Interviewer: Are burglaries always felonies?
Stuart: Burglaries are always felonies, correct.
Interviewer: What are some potential penalties for someone charged with burglary?
Stuart: If the burglary is of a dwelling, meaning somebody’s house, that is a very broad definition. For example, somebody has a garage attached to their house.
Somebody breaks into that garage and steals a bicycle. But he or she never goes in the house, never does anything with the house. He is charged with the burglary of a dwelling, and that is a violent felony.
Violent felonies have minimum mandatory sentences. In New York, the minimum mandatory sentencing for a violent burglary for a house, which is a “B” violent felony, is 3-1/2 years. The maximum is 15 years.
What that means, in essence, is, without some plea bargain or disposition worked out, the minimum the judge has to sentence you by law is at least 3-1/2 years in jail.
Interviewer: Are the judge’s hands tied even if there are mitigating circumstances? If there is a conviction, does the judge really have no choice but to sentence a person to at least 3-1/2 years?
Stuart: Yes. They do have some discretion with regards to a program beforehand, or they have discretion trying to put pressure on the district attorney to change the plea bargain. But once you are convicted or once that state has a “B” violent felony, they cannot change it.
Interviewer: Why is a burglary considered a violent felony even if no one is present or hurt?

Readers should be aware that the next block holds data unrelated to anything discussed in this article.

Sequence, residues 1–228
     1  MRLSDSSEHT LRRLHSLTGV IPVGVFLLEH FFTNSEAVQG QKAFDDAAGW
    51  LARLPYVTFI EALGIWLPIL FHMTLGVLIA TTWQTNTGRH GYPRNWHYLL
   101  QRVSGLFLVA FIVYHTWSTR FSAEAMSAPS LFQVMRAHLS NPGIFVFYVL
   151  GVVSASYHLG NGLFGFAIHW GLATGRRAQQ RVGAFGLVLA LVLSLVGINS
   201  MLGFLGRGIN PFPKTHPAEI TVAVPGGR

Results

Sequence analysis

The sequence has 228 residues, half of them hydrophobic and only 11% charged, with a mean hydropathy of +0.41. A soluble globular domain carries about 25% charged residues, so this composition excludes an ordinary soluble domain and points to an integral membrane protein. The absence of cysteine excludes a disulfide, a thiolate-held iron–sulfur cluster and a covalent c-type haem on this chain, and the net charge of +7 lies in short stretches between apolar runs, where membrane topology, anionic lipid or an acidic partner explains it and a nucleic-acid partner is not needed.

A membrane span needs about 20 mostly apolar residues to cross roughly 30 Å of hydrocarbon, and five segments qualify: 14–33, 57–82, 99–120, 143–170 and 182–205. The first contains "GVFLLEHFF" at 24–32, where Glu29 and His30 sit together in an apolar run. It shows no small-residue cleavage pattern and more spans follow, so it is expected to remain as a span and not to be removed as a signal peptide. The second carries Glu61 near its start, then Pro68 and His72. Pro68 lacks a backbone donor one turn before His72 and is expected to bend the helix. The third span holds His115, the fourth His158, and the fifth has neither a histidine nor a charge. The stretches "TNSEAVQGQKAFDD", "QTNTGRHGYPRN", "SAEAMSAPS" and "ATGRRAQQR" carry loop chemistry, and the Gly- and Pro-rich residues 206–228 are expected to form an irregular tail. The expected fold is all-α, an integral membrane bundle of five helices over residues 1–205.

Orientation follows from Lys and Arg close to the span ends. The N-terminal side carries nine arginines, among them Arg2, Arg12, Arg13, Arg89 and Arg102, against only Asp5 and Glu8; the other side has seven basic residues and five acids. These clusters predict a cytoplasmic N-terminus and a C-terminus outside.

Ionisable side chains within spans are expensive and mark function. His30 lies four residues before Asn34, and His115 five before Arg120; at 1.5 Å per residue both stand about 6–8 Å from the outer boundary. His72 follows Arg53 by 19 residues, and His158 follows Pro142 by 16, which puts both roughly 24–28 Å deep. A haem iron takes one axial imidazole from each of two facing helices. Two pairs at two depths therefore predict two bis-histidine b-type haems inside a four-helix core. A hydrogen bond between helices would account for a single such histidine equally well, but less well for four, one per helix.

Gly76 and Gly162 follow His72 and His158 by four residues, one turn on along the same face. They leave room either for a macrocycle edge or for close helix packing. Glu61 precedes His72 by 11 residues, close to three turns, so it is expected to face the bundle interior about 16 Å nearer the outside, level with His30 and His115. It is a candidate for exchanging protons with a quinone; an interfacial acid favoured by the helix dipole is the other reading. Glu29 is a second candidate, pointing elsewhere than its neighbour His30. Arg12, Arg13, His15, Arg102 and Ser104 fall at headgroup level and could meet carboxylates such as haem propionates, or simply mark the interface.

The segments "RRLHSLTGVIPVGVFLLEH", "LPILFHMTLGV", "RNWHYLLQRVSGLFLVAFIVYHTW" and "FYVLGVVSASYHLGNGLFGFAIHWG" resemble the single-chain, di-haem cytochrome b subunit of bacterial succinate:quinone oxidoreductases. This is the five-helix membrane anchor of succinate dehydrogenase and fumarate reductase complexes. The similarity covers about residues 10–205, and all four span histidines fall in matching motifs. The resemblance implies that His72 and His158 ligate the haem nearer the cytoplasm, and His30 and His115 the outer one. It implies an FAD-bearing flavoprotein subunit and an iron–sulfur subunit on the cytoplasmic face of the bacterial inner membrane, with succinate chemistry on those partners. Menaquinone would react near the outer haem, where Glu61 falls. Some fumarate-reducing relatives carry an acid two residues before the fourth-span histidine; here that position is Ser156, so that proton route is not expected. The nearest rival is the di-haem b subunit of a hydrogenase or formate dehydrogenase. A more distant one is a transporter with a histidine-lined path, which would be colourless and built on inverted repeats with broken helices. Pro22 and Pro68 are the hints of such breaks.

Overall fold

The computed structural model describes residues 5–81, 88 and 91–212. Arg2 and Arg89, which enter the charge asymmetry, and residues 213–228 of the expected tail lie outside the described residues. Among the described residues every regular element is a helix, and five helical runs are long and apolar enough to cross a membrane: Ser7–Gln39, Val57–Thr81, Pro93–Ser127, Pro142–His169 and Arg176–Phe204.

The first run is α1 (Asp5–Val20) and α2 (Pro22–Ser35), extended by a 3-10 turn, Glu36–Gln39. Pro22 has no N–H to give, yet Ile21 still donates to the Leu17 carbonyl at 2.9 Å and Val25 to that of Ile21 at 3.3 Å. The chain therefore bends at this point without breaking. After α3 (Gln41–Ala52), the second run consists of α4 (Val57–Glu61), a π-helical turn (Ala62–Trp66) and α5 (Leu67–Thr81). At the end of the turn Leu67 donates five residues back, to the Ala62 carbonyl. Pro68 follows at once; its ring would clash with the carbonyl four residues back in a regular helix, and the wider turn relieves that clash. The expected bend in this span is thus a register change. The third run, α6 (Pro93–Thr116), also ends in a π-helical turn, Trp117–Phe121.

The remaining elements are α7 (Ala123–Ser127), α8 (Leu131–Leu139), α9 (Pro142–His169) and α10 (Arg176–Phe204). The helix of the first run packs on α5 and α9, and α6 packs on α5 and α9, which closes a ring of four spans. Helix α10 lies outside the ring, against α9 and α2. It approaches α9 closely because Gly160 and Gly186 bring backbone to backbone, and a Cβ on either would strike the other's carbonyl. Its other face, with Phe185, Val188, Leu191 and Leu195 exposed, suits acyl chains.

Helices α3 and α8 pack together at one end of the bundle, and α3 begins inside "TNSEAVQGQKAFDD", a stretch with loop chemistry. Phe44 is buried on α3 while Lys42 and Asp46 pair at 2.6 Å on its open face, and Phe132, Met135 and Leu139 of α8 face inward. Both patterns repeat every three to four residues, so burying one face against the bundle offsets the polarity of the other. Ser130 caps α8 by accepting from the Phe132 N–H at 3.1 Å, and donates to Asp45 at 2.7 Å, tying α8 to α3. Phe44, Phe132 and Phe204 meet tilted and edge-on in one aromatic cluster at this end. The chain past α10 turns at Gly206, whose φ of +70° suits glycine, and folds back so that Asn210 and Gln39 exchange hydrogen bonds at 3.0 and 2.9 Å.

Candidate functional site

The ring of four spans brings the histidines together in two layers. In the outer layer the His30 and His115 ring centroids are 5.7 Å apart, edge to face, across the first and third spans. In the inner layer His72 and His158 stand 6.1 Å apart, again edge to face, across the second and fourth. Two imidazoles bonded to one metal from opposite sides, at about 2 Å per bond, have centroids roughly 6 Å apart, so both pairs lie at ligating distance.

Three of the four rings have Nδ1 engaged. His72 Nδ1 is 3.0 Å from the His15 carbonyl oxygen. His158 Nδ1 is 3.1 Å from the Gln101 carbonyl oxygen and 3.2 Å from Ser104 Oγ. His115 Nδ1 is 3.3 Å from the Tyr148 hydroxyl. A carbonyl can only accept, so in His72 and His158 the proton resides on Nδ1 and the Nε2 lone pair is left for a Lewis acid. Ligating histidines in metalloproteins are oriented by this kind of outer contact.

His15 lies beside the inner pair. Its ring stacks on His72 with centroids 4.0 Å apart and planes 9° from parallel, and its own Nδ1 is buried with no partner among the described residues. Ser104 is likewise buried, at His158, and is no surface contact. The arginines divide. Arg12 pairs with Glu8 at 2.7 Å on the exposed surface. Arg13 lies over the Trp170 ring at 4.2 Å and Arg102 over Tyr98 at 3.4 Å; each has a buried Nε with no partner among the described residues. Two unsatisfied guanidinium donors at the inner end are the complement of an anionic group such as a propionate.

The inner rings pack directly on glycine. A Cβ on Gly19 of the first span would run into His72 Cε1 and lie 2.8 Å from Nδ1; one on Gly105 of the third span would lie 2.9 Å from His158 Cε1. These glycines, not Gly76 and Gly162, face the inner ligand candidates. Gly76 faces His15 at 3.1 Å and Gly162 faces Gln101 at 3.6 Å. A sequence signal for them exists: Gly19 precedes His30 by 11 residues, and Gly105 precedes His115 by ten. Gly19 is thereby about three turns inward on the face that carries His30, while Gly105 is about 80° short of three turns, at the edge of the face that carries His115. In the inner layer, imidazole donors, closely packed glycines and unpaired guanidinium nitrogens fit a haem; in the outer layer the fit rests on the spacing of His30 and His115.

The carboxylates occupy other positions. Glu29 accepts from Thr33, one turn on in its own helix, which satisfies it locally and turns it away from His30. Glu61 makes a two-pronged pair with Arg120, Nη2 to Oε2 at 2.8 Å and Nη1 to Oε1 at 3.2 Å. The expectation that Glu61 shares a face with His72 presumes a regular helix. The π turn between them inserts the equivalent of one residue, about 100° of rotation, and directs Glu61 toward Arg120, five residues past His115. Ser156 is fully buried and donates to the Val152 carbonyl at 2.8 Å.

Stuart: That is a good question. Frequently, there are certain felonies where they say the potential of somebody getting hurt is so great that we are going to define these as violent felonies, even if nobody does get hurt.
If you break into a warehouse late at night or even during the day when somebody is there, that is not a violent felony. This is because it is more unlikely somebody will get hurt; or that somebody is going to be there. Basically, somebody should be safe in their castle, their home.
But suppose you break into somebody’s house when they are not there because you know they are away. They go every year for one month to Florida, and you break in during that one month because you live down the block and you know them. Well, it is still a violent felony. It is really protection almost.
Interviewer: Are there different levels of burglary of a dwelling? Does the level change at all if someone is home, versus not?
Stuart: No. The only way burglaries of a dwelling become different is depending on whether somebody is injured, or whether you have a gun or an explosive device.
The minimum just standard burglary where you break into a house any time or any place, as long as it is a house or a kind of a dwelling, it is a “C” violent felony.